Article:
The UK is becoming a "surveillance society" where technology is used to track people’s lives, a report said yesterday.
CCTV, analysis of buying habits and recording travel movements are among the techniques used.
Surveillance is set to increase over the next decade, the Report on the Surveillance Society says.
Information Commissioner Richard Thomas – who commissioned the report – warned that excessive surveillance could create a "climate of suspicion".
Most techniques used to survey the UK public are automated and out of sight, the report says.
Techniques include surveillance of international travel, consumer spending, internet and mobile phones.
Some of this benefits the typical UK family, but in other cases it is "personally threatening" and has wider consequences, the report warns.
It says surveillance can lead to the loss of individuals’ anonymity and privacy in different spheres of their lives.
The report, produced by a group of academics called the Surveillance Studies Network, predicts that by 2016 surveillance will be ramped up even more.
Shoppers may be scanned as they enter stores, schools could bring in cards allowing parents to monitor what their children eat, and jobs may be refused to applicants who are seen as a health risk.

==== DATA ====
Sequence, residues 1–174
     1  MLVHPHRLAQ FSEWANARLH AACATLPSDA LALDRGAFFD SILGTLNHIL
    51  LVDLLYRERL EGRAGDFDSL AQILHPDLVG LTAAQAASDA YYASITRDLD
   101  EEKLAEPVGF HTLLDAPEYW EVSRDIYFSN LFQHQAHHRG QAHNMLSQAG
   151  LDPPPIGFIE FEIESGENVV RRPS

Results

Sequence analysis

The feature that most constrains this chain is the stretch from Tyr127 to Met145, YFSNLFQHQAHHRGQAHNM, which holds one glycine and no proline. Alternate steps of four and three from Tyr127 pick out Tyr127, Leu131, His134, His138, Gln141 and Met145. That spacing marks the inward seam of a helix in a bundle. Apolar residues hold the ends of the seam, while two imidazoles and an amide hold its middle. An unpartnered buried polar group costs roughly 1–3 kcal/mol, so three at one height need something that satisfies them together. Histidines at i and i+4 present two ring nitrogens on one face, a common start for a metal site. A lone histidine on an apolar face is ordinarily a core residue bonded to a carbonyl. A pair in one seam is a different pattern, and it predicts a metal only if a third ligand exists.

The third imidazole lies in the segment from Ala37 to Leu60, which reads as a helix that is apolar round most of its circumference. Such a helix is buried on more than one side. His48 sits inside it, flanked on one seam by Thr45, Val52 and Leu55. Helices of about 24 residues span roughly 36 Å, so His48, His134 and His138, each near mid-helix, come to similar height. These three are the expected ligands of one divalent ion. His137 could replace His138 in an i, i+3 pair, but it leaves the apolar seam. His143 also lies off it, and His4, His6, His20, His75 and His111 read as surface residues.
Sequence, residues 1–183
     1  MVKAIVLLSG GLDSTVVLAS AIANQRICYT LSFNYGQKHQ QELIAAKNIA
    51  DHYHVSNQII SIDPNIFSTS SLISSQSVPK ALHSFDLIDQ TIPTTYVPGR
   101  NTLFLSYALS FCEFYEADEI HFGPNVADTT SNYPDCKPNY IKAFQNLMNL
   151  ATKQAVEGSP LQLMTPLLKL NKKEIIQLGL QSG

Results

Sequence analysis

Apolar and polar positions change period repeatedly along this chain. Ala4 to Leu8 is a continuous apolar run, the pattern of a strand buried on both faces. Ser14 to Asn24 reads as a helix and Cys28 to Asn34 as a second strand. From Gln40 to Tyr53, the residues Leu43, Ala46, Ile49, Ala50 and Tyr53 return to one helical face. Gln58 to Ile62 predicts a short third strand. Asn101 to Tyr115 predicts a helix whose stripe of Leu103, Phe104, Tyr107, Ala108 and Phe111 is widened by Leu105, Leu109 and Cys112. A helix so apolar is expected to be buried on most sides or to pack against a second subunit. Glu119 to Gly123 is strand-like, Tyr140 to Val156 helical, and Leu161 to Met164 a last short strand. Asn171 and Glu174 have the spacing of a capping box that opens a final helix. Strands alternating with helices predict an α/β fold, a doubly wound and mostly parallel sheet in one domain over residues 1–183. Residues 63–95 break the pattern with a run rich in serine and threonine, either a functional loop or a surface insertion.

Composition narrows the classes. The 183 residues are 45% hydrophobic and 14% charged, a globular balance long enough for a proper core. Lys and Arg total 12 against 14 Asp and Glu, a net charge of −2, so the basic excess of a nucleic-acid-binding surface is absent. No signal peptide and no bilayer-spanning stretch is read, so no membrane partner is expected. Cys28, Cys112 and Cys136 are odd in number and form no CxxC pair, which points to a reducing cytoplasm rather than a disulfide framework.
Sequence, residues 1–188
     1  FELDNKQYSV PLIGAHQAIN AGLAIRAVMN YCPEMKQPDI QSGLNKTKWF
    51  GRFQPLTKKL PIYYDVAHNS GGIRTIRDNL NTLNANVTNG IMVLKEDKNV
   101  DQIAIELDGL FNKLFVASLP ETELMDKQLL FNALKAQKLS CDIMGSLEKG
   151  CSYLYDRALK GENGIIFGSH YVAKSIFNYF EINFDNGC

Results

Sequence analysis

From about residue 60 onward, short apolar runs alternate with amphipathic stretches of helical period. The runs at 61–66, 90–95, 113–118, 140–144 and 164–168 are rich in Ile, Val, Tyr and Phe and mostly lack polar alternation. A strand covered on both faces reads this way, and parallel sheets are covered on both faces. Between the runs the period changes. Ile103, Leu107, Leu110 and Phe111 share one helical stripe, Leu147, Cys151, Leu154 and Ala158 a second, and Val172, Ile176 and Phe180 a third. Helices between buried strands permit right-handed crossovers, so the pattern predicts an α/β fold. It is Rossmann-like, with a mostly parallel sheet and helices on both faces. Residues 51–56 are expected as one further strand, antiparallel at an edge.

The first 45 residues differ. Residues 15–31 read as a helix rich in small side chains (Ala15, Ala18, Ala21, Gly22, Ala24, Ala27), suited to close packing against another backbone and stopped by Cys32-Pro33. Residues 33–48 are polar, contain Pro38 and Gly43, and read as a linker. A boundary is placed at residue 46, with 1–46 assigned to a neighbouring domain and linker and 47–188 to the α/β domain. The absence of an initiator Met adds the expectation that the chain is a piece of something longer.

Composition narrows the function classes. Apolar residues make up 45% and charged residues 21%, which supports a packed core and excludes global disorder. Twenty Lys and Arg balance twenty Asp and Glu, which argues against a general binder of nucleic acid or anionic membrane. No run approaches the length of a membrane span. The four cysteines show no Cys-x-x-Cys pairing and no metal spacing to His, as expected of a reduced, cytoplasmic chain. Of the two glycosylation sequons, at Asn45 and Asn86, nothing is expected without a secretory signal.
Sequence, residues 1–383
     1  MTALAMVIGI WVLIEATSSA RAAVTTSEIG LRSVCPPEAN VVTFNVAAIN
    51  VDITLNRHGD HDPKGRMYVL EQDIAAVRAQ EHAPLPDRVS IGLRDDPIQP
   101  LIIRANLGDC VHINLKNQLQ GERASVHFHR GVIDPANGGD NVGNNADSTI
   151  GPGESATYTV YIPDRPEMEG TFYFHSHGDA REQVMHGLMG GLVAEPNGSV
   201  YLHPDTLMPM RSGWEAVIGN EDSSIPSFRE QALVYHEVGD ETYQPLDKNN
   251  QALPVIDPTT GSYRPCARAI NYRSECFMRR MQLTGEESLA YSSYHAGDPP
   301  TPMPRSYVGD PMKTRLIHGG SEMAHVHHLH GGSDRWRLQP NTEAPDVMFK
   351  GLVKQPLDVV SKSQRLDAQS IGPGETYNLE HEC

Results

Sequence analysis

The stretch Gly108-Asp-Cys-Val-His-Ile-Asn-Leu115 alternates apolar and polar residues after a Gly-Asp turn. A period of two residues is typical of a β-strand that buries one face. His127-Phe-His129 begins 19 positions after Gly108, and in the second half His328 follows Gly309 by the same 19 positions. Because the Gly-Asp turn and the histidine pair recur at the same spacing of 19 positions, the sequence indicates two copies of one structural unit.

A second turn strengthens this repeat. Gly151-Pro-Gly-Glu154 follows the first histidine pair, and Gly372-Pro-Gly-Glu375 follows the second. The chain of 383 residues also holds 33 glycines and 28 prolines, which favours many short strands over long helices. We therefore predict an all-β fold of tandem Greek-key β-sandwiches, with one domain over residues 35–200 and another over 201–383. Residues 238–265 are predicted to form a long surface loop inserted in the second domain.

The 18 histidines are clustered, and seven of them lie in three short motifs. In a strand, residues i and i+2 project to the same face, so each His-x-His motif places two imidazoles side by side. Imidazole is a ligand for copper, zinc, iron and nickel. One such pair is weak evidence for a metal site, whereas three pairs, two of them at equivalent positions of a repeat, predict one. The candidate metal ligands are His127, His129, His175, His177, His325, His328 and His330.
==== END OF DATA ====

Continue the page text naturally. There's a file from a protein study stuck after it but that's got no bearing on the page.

Mr Thomas called for a public debate on the future of surveillance.
He said: "Today I fear that we are in fact waking up to a surveillance society that is already all around us."
Mr Thomas said surveillance could help fight terrorism and crime and improve access to public services.
But he added: "As ever-more information is collected, shared and used it intrudes into our private space and leads to decisions which directly influence people’s lives.
"Mistakes can also easily be made with serious consequences – false matches and other cases of mistaken identity."
The Information Commissioner’s Office is an independent body that has a legal duty to promote public access to official information and to protect personal information.
* What do you think of all the surveillance in our lives today? Is it too much or is there not enough? Does it make you feel safe or is it an invasion of your privacy? Get in touch by email, messageboard or send a web letter to the editor